China museum builder lets history speakBreaking News
ANREN, China — From floor to ceiling, wall to wall, the narrow entry corridor at the Red Era Daily Necessities Museum is bathed in a blood-red light. There is no map, no brochure, no choice of direction; the architecture forces visitors forward, over glowing panels labeled by year: 1966. 1967. 1968. A few dozen paces later: 1976.
A roar comes from a sea of Red Guards in Tiananmen Square, chanting rabidly, captured in a film clip from the era. Mao Tse-tung strides into the frame, whipping the crowd into a frenzy.
The dawn of the Cultural Revolution in 1966 brought a decade of chaos, violence and persecution that ripped China apart. Friends denounced friends, parading them in dunce caps through the streets. Roving mobs smashed religious relics to bits. Mao was elevated to the status of a god, his face stamped onto billions of lapel pins worn like talismans....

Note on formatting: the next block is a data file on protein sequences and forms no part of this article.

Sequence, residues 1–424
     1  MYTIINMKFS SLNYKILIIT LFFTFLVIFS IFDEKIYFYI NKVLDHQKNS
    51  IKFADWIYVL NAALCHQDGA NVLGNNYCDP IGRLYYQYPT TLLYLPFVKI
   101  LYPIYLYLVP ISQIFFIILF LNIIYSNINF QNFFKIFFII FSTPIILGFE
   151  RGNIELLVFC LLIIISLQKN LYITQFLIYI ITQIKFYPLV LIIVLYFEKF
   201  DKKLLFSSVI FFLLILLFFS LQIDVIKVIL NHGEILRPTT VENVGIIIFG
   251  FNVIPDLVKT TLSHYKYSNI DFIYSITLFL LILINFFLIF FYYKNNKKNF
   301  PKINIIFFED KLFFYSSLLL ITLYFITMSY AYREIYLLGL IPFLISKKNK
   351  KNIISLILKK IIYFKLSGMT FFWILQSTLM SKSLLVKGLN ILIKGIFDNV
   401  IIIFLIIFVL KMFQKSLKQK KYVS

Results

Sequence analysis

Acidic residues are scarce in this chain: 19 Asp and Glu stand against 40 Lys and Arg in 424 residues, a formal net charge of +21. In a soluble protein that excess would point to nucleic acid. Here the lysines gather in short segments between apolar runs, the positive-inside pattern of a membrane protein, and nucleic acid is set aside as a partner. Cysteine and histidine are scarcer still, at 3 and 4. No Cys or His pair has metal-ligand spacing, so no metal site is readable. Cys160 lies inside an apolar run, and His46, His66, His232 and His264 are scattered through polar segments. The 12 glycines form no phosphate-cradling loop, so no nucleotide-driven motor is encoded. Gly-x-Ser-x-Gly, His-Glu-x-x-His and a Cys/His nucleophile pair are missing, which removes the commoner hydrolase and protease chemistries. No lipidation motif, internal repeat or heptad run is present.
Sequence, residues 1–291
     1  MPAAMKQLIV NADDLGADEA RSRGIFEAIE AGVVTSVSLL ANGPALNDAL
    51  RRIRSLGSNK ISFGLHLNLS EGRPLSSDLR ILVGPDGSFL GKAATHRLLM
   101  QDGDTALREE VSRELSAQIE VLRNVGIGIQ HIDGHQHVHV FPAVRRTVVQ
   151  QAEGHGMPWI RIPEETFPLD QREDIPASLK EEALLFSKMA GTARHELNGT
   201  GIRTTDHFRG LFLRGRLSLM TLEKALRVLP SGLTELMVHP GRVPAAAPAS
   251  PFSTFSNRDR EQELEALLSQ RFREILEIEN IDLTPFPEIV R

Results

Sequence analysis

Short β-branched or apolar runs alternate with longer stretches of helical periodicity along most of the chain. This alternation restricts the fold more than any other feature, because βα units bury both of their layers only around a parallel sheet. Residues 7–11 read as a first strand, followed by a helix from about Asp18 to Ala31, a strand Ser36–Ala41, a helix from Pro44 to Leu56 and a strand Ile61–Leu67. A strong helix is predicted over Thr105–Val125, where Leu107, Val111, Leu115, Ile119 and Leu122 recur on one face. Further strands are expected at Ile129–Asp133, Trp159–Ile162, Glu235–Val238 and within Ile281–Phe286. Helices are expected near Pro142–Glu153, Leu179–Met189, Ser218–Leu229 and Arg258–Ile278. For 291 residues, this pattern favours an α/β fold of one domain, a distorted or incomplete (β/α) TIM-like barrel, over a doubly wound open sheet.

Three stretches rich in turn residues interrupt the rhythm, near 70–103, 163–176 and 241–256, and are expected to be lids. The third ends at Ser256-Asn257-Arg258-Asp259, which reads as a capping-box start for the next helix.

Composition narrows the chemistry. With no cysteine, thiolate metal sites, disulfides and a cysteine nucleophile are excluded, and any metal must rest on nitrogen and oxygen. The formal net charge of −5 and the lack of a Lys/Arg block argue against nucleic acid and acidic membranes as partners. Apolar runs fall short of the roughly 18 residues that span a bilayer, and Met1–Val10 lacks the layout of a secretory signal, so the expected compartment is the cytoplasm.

comments powered by Disqus
- Black Delegates at GOP Convention at Lowest Level in History
- Richard Moe calls on Obama to make Utah's Bears Ears a national monument. Bears Ears?
- What History Says About Donald Trump’s Convention Speech
- Rep. Steve King doubles down on white supremacy claim
- Does Melania Trump know what plagiarism is?
- Daniel Pipes: “Why I Just Quit the Republican Party"
- Jill Lepore attended the GOP convention
- Ramsay Cook died in Toronto on July 14, after a brief battle with pancreatic cancer
- Adam Hochschild says he met the ghosts of his own work at a recent visit to the multiplex
- Colleges are implored to teach their own history